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Case Study: Data Management Tools Can Improve Employee Experience

A businessman sitting at a desk looking at a laptop.

​When Kyle Roberts, chief people officer at Even Financial, and her colleagues embarked on a search for a customizable workforce management system to improve talent and organizational decisions, it was the company's most important HR data management initiative to date.

Founded in 2014, Even Financial is a New York City-based financial technology company that provides application programming interfaces for financial services firms. The company's customers include American Express, Goldman Sachs and SoFi.

Roberts said the company has strong talent but needed better internal tools to drive performance, identify and address competency gaps, and ensure competitive compensation practices.

"Even's collective leadership team did not have rich, comprehensive and real-time visibility into the organization or their departments," Roberts said. The organization's management metrics were maintained on Google slides and Excel spreadsheets, which resulted in unnecessary manual work, limited visibility and siloed resource planning efforts that didn't tie to a budget.

HR executives had trouble visualizing on the slide decks how workforce changes and incremental resources, over the course of time, would impact workflows, payroll costs and operating expenses.

"We could not easily see how, in real time, moving employees from one department to another would impact workflows and work spend and how that would impact our need for training and communication. We also didn't know where that would leave us in terms of skills gaps," she said.

They needed to be able to visualize the company's workforce and project over six months to a year what the workforce should look like, based on where company executives knew the business was going and what skills they needed to support the business.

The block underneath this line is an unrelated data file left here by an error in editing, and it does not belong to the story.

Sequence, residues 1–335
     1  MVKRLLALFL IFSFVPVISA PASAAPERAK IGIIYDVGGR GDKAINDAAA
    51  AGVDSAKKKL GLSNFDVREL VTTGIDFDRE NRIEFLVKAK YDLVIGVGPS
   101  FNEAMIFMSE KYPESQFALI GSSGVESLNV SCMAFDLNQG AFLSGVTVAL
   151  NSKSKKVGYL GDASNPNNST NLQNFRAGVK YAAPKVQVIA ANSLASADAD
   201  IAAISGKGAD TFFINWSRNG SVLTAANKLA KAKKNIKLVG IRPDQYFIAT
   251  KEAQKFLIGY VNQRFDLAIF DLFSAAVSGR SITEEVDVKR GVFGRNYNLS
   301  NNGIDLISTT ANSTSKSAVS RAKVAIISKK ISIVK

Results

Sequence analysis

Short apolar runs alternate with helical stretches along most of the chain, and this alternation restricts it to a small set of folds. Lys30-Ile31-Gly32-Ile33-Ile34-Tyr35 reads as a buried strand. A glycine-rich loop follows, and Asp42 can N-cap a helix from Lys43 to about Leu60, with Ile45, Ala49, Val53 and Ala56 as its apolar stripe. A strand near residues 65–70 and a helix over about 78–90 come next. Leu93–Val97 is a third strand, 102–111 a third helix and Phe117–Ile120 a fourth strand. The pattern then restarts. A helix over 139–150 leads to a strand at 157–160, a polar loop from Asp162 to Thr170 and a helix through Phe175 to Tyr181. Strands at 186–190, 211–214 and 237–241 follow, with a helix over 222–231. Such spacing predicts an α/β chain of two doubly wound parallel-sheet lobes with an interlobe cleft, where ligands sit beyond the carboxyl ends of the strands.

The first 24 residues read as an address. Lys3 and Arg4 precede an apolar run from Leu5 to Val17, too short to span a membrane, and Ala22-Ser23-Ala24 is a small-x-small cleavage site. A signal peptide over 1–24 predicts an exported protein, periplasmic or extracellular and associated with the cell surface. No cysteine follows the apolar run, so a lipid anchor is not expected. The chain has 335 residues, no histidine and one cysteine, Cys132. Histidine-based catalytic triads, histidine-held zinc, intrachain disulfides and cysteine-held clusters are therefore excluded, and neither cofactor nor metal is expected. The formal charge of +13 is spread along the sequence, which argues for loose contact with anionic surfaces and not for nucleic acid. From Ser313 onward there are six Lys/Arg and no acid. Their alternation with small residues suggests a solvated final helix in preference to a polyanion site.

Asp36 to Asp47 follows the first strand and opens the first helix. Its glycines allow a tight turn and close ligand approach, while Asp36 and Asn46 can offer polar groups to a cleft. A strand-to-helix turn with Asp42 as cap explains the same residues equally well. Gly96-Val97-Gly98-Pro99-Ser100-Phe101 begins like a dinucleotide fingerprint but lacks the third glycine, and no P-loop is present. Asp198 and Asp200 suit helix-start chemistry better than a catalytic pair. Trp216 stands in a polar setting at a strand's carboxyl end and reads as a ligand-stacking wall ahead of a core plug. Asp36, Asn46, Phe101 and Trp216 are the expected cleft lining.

Roberts began looking at HR analytics tools that could provide insights to help the company make better business decisions. She wanted user-friendly features and software that could be customized to the company's business needs.

After reviewing tools from Pingboard and Airtable, Roberts settled on ChartHop's organizational management platform. Since implementing the system a year ago, Roberts has centralized data by integrating ChartHop with the company's HRIS, performance management system, equity management system and applicant tracking system.

"We now have a system in place that enables Even's leadership and hiring managers to propose workforce scenarios based on the goals they are specifically looking to achieve quarter over quarter and year over year, and in turn enabling me and the finance team the ability to review the impact of those scenarios, approve them and incorporate them into the operating model," Roberts said.

HR Analytics in Use

Robert Stokes, faculty member and founding program director of the master's program in human resources analytics and management at American University in Washington, D.C., said workforce planning technology has advanced to the point where HR managers are in a better position to make more strategic, data-based decisions.

"We can better predict which employees are at risk of leaving, which employees do we need to develop further, and which workers we may be losing because of pay inequities based on gender or race. Analytics allows you to recognize these critical indicators on which you as an employer need to take action," Stokes said.

HR also can use data analytics to improve engagement with employees.

"HR managers can ask themselves: 'Are we making an effort to see that employees are satisfied with their work? Do workers feel that they are getting feedback on their performance? And, do we have them on a career path leading them to their career goals and the organization's success?' " Stokes said.  

By giving employees visibility into their job performance and clear ownership of their responsibilities, Roberts said accountability has increased and so has trust.

"[The technology] has helped my team create a self-service model with an increase in transparency at all levels of the organization, which is one of our core values," she said. "This transparency has improved workflows and performance, has empowered an ownership mentality and has increased trust across the organization."

Nicole Lewis is a freelance journalist based in Miami.


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